Sunday, 11 April 2021

Garden Trailcam ... and RSPB Big Garden Birdwatch Results

Not exactly 'wildlife', but we had fun uploading the Trailcam pictures today ... and finding these rather shifty bright eyes. We have actually seen the cat, which is grey and white, in the daylight now, but have no idea where it lives. 
 
It features again in the next photograph from the day before. 


This looks like one of the males, but 'Star', the female Blackbird with a white (leucistic?) mark, has also been strutting about. She seems to like the grassy path we made for my daily exercise during the first lockdown, when we stopped mowing what was then a lawn.

 

The photo above shows something at the tip of the arrow. I know because the next photograph, taken a couple of minutes later, shows a space here. Could it a be a rather round Blue tit? I know it's hard to tell, especially in terms of scale, though the planter is about 30cm high.


Speaking of Blue tits, the RSPB have released this year's figures for the RSPB Big Garden Birdwatch. These are the the Top Ten 2021 species from the records that were submitted ...

Back at the start of February I recorded my survey results for our garden, which you can see here. It seems to me that the general picture (above), with the notable exception of House Sparrows, corresponds pretty closely with our own findings. We recorded the following nine species, all of which feature on the RSPB list. Birds were counted according to the maximum number of a given species seen in the garden at the same time, rather than sequentially over the hour.

 

1. Blue tit (2nd on national list)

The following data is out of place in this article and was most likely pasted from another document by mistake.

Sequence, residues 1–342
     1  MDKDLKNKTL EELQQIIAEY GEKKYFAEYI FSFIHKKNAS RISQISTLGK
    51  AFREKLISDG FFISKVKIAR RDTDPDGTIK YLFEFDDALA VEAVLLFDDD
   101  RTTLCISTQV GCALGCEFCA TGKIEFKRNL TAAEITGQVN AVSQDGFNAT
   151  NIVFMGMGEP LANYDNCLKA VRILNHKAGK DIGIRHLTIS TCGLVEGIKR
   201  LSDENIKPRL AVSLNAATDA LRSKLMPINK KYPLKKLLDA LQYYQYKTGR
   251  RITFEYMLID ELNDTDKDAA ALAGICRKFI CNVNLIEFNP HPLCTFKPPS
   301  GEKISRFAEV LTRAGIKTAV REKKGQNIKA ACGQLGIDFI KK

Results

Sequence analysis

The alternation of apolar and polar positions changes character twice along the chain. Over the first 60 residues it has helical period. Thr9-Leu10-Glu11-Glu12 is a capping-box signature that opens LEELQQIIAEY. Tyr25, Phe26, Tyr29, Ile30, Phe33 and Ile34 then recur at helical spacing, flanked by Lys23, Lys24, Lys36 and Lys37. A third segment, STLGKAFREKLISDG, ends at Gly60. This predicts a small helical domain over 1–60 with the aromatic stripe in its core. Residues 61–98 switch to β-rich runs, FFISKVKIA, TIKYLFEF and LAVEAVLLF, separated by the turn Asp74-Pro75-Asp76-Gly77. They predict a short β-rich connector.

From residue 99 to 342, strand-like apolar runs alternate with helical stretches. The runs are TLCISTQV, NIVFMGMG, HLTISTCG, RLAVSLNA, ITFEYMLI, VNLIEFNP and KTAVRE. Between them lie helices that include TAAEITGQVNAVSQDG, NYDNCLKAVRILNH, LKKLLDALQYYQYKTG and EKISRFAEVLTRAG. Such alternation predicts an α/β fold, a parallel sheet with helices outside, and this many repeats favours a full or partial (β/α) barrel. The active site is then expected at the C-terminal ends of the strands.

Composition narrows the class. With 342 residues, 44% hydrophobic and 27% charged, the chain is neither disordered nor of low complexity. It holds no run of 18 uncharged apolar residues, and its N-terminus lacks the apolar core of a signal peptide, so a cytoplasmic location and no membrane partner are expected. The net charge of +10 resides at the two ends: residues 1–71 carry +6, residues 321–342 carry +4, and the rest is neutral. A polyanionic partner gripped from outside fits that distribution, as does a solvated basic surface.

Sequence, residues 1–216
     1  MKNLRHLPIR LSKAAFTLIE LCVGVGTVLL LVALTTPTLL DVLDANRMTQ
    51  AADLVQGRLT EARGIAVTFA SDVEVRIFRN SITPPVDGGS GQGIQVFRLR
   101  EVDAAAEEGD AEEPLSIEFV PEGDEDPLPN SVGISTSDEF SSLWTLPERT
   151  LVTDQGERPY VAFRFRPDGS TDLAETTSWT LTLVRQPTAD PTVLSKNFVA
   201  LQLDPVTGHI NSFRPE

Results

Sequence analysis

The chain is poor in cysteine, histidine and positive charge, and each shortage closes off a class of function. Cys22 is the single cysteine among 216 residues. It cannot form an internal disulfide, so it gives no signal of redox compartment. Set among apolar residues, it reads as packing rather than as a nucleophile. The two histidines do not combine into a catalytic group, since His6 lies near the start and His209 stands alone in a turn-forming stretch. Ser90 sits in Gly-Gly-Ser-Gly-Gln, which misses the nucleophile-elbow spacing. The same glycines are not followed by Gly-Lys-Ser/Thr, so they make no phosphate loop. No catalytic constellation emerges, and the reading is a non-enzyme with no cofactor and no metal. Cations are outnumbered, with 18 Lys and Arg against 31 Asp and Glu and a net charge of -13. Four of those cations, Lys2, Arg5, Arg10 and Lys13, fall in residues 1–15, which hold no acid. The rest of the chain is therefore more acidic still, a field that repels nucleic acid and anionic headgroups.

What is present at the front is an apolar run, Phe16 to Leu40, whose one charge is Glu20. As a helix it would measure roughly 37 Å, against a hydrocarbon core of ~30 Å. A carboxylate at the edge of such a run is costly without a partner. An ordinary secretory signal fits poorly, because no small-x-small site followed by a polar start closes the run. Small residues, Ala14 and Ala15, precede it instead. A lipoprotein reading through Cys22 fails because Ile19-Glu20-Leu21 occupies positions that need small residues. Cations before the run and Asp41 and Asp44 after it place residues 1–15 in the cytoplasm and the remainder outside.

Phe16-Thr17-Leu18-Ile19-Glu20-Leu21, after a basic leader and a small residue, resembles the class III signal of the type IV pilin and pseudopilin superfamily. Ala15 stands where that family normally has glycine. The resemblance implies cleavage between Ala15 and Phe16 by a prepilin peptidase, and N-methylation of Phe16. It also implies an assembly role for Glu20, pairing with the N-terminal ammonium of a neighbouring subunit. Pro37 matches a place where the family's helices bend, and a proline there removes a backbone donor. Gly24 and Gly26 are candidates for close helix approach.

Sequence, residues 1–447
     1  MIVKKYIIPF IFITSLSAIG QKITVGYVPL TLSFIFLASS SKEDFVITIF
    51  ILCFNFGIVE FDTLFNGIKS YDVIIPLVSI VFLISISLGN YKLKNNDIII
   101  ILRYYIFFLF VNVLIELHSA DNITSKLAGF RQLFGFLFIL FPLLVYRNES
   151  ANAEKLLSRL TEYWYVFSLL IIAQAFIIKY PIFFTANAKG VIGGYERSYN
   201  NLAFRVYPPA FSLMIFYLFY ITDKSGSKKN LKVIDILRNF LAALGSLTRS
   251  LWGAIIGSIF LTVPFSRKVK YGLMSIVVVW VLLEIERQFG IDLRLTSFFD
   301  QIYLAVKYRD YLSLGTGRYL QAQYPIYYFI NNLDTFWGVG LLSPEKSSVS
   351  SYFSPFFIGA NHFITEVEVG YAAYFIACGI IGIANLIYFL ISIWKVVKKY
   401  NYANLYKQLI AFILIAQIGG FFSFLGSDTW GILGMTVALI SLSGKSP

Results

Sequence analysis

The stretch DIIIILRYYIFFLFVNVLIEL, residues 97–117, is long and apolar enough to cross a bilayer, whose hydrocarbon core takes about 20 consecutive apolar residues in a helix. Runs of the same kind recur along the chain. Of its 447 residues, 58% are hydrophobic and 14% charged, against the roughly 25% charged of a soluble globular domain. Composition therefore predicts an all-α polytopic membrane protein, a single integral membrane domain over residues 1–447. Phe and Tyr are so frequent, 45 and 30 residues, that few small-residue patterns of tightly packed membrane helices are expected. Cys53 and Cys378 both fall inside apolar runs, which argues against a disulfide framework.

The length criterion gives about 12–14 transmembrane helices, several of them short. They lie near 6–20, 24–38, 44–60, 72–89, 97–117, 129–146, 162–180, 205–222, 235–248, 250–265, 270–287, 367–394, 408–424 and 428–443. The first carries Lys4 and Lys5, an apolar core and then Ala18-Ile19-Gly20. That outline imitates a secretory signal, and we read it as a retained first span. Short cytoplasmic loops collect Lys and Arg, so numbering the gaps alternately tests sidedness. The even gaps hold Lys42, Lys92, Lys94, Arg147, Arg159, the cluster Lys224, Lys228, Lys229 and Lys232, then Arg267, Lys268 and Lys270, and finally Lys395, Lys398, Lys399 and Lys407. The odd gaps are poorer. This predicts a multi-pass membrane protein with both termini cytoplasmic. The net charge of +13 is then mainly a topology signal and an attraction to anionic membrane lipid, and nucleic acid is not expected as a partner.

2. Starling (3rd on national list)

3. Long-tailed tit (10th on national list)

4. Goldfinch (8th on national list)

5. Woodpigeon (also 5th on national list)

6. Blackbird (4th on national list)

7. Great tit (also 7th on national list)

8. Magpie (also 9th on national list)

9. Robin (6th on national list)


 

Happily, we are now having regular garden sightings of House Sparrows. I just hope the feline visitor gives them a chance.

  

 

Thursday, 8 April 2021

Sparrows and a Dash of Spring Colour

 


 

We are thrilled to have Sparrows in the garden this year. A hedge was disturbed by some building work a few houses away, and I am guessing that the birds have moved up to a hedge a bit nearer our home. 

Easter in our part of Suffolk was pretty chilly this year. We had bits of sunshine (followed by a snowstorm two days ago), but the weather has been cold and blustery at times. Despite the fluctuating temperatures, we have been enjoying the spring bulbs and the bee-flies. I haven't seen a butterfly for days, but we have had some welcome colour in the garden ... such as these tulips. 



I think this is a Brown carder bee on the Dandelion.


Good to see (four) more 7-spot ladybirds



I couldn't resist showing a photo of this beautiful (and delicious) Easter gift in the form of a ginger biscuit sheep!


One of several Bee-flies




I wonder how long it will be before the next butterfly appears ... The chart below shows my sightings (or lack of them) for January, February and March 2021. The Butterfly Conservation Garden Butterfly Survey charts show the highest number of butterflies seen at one time, rather than how many were seen in total.

 



Thursday, 25 March 2021

'Today in the Garden' Photo Collage